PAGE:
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Editorial: The railroads’ burden

(The following editorial by Bud Shuster was posted on the Pittsburgh Tribune-Review website on February 2. Bud Shuster, who long represented Pennsylvania in the U.S. House, is the former chairman of the House Transportation and Infrastructure Committee. He now serves as adviser to the Association of American Railroads.)

PITTSBURGH, Pa. -- Not many people realize that the nation’s privately owned freight railroads are required by law to carry hazardous materials. Railroads would rather not carry hazardous material but railroads -- unlike other transportation businesses -- cannot refuse to ship even the most dangerous chemicals.

They would if they could.

Instead, each day, freight railroads shoulder the tremendous responsibility of moving hazardous material across this nation to serve areas such as Pittsburgh, which uses these chemicals to purify its water supply.

Rail is the safest way to transport hazardous materials, according to the U.S. Department of Transportation. Rail is 16 times safer than trucks for moving hazardous material, according to U.S. DOT statistics. About 99.997 percent of all rail-shipped hazmat is delivered safely, and since 1980, hazmat accident rates have declined by a whopping 86 percent.

The rail industry has been leading the way to find real solutions to security issues that have emerged since the terrorist attacks of 9/11. In fact, former Pennsylvania Gov. Tom Ridge (more recently the secretary for the U.S. Department of Homeland Security) credits the railroad industry as being the first private-sector industry to step up to the plate after 9/11 with meaningful security measures.

Immediately after the terrorist attacks of Sept. 11, 2001, railroads adopted a comprehensive, risk-based security plan designed to prevent an attack from happening in the first place. This risk-based approach was designed by terrorism experts and takes into account terrorists’ tactics and capabilities. Railroads have made more than 50 permanent changes in the way they do business to improve security; more than 100 additional actions have been taken at higher threat levels.

Recent stories in the Trib (“Terror on the Tracks,” January 14 and 15) lead readers to believe that railroad security is lacking if a reporter can place a business card on a tank car. For that matter, a reporter could place a business card on any of America’s commuter rail cars, buses or trucks carrying hazardous material. Does that mean we should put armed guards on every subway car, on every bus, or every place a truck stops and parks?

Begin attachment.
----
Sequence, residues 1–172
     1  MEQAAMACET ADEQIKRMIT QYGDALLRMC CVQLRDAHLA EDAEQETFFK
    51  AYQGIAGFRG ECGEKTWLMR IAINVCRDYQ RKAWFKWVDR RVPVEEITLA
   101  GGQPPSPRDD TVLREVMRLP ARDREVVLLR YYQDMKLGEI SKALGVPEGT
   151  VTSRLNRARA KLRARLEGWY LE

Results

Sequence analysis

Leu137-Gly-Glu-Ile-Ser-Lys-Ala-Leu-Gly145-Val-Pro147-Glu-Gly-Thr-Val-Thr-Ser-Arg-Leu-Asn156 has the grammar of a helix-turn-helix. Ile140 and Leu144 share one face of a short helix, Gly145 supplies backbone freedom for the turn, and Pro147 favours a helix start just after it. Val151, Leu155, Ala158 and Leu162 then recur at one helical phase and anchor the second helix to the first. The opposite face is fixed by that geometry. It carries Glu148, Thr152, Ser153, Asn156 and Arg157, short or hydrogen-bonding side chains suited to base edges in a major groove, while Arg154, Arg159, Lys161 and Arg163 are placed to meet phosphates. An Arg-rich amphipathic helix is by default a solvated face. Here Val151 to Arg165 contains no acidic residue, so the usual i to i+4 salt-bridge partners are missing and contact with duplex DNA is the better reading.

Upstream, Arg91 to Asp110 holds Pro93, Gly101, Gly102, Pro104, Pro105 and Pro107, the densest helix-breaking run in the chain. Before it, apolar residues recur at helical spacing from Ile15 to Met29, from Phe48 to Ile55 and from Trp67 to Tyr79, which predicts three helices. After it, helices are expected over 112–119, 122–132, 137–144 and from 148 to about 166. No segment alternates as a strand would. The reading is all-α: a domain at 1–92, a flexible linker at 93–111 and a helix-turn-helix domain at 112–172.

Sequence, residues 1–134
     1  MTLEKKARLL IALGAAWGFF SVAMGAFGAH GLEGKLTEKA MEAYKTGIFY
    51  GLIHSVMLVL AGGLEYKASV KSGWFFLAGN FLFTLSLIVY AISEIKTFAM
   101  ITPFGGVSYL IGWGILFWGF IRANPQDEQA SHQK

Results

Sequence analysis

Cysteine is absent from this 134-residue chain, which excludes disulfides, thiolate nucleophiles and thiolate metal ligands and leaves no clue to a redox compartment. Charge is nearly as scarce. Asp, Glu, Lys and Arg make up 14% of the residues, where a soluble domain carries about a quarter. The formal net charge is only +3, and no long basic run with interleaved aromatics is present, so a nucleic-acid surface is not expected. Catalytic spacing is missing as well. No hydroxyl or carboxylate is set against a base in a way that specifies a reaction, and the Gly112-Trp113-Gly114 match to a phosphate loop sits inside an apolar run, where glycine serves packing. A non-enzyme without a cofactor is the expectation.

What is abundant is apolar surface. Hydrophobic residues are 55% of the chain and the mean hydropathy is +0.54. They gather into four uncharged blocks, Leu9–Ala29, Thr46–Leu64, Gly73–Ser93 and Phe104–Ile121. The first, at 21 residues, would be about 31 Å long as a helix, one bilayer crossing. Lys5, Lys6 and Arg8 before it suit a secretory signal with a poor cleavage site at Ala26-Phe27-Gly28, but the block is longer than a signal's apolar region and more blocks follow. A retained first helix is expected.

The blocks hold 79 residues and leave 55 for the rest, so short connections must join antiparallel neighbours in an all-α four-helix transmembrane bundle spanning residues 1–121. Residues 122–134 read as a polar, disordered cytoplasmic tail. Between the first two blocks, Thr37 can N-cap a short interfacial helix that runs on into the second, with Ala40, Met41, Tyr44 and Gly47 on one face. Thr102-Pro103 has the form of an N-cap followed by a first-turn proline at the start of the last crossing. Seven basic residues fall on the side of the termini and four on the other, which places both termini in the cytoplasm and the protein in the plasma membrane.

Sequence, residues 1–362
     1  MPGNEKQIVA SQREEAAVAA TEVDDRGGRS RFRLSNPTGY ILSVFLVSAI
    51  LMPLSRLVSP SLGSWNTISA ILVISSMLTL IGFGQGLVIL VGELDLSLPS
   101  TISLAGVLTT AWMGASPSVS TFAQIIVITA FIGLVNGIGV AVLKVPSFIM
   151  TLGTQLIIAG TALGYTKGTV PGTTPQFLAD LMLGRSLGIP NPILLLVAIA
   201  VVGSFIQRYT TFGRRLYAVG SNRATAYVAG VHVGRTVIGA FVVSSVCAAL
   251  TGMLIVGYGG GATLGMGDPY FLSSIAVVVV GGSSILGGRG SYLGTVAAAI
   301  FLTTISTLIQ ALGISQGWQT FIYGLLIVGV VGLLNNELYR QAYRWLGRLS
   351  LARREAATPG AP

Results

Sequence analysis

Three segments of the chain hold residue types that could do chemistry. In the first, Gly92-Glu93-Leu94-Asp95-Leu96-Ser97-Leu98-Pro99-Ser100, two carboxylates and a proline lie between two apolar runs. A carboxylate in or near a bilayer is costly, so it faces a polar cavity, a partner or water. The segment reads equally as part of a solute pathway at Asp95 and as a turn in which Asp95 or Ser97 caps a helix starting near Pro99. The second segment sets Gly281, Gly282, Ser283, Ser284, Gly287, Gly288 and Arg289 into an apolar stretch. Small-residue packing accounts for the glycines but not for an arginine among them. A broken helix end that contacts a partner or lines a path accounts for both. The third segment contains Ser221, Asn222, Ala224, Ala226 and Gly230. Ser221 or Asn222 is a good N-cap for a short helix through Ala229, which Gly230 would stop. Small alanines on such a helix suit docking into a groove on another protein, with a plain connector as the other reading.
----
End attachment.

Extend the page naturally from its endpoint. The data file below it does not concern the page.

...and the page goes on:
Of all transportation modes -- freight or passenger -- freight railroads are the least-inviting target, according to terrorism experts. That is primarily due to the complexity of the freight rail pickup, batching and delivery system, making it extraordinarily difficult for a terrorist to succeed in meeting his goal.

Terrorists do not want to fail. With much greater certainty for success, a terrorist could drive a truck loaded with explosives -- or hazardous chemicals -- into the heart of any major metropolitan area and create more chaos and destruction. Perhaps that’s why Timothy McVeigh chose to carry out his attack on Oklahoma City via truck, not freight rail.

According to Homeland Security, there is no indication that terrorists are plotting an attack on the nation’s freight railroads. Terrorists have attacked passenger rail lines around the world but freight railroads have not been targeted by terrorists. And thanks to the efforts of the freight railroads, the risk that freight trains will become a target has been reduced even further.

Putting a fence around a rail yard may stop a reporter but it won’t stop a terrorist. The best way to prevent a terrorist attack is not to lock down our nation, but to disrupt terrorist plots before they are launched. That’s why railroads work closely with the Department of Homeland Security, the FBI and other security agencies to share and interpret intelligence. The railroad industry is the only industry that has provided a special security agent -- cleared to the top-secret level -- to sit on the National Joint Terrorism Task Force gathering and analyzing intelligence information with federal security officials on a daily basis.

The industry also has established a 24/7 operations center that is in constant communication with federal intelligence agencies and the operations centers of each of the nation’s major railroads. This gives railroads and law enforcement the ability to react quickly, decisively and appropriately in the case of a possible terrorist threat.

As long as railroads are required to carry hazardous materials, they will do so safely and securely, working to continually improve their excellent safety record.

Friday, February 2, 2007

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